Yazidi refugees in Shingal
SULAIMANI, Kurdistan Region – As the Kurdistan Regional Government (KRG) awaits The International Criminal Court to recognize the ISIS atrocities in Shingal, an earlier act of genocide is back in the news at home.
Members of the Kurdish parliament’s Human Rights Committee put forward three bills to the regional legislature two months ago with the aim of amending the Iraqi penal code. Two of the bills are related to women’s rights and family laws.
The third bill, however, has attracted more controversy. This unprecedented proposed amendment would make it a criminal offense for anyone across in Iraqi who denies the central government committed genocide against the Kurds.
A conviction, according to the bill, would carry a prison term of five to seven years.
Siraj Ahmed, the chairman of the Religious Affairs Committee, said the need for the amendment stems from ignorance on the Iraqi street. He said many anti-Kurdish Iraqis still deny the atrocities suffered by the Kurds.
“The bill calls to amend the Iraqi penal code and punish this type of bigotry, on the Iraqi level,” Ahmed said.
Vala Fareed, a Kurdish parliamentarian, said if the bill passes Kurdistan parliament, another bill will be prepared and discussed with the Kurdish members of the Iraqi parliament, “So they can take the bill to the Iraqi parliament for a vote there.”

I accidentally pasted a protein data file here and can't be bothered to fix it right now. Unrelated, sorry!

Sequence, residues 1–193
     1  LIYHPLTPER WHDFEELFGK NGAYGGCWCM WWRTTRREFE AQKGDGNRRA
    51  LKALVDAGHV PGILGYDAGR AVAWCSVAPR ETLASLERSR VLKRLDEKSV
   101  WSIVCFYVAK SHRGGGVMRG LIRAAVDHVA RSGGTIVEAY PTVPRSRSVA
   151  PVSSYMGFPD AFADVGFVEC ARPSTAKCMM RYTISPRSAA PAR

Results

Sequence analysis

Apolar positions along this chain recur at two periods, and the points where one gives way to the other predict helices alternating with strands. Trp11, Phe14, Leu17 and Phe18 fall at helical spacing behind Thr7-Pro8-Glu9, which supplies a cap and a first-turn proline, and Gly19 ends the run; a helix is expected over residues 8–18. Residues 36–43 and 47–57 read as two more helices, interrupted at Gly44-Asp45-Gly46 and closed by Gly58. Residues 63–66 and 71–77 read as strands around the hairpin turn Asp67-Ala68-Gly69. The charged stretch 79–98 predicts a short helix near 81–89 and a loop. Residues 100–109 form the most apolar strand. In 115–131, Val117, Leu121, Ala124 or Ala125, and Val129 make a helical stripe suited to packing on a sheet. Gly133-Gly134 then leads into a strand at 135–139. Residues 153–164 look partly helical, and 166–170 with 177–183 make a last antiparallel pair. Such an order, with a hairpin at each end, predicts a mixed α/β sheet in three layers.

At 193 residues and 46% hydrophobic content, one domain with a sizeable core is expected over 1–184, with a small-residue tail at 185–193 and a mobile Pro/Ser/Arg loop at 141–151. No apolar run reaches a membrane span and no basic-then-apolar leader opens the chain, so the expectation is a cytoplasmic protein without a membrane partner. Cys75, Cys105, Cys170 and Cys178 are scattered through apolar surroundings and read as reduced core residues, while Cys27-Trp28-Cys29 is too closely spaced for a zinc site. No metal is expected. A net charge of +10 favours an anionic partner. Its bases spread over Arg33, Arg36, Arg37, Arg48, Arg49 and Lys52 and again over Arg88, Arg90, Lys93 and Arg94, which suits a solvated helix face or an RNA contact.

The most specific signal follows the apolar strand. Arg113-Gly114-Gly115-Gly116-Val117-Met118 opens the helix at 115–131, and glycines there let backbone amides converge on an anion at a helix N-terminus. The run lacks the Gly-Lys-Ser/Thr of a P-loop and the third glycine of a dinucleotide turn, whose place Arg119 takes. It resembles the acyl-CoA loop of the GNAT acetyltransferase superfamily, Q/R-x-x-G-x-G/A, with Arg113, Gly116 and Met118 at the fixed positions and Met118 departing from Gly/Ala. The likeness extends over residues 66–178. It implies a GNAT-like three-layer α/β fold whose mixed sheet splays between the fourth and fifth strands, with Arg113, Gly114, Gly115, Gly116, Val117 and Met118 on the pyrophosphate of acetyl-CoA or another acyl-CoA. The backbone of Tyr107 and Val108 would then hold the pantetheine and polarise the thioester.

“The law is to deal with all those who live in Iraq and deny the former Iraqi government has committed genocide against the Kurds,” she said, adding that the Iraqi Supreme Court has recognized the Halabja gas attack and the Anfal campaign as genocides.
“The bill will not be turned down in the Iraqi parliament. It will add some serious weight to the atrocities committed against the Kurds,” she said.
Lawmakers do not hide the fact the bill was inspired by French and German law that punish those who deny Holocaust and adhere to Nazism.
Bakir Hama Sideeq, former lawyer for the Halabja Genocide case, and a contributor to the bill that mandated compensation for the victims of Halabja Genocide, said Iraq has plenty of citizens who, “Don’t even admit a crime took place in Halabja and Anfal Campaign.”
“Even Iraqi parliament has members with this type of mentality,” he added.
Long-standing tensions between Baghdad and Erbil sometimes boil over, prompting some Iraqi politicians and writers to deny or trivialize the crimes committed against Kurds.
Hakim Sheikh Latif, former member of the Iraqi parliament, refers to this group as “The Neo-Baathists.”
“They have extremist views on the Kurds. It is not surprising if they deny the Kurdish genocides,” Latif said.
Latif recalled an incident from his time as a member of the Iraqi parliament.
“During any Anfal commemoration, they would frown and say ‘This again?’”
Goran Azad, a member of the Kurdistan parliament’s legal affairs committee, believes the stiff penalty the bill carries must be edited or adjusted.
“The bill should not specifically mention the genocides committed by the former regime, but instead it should emphasize denying crimes committed against the Kurds,” Azad said.
Latif, however, believes even without this bill parliament can issue a law in this regard, “because the Iraqi Supreme Court has already recognized the crime as genocide.”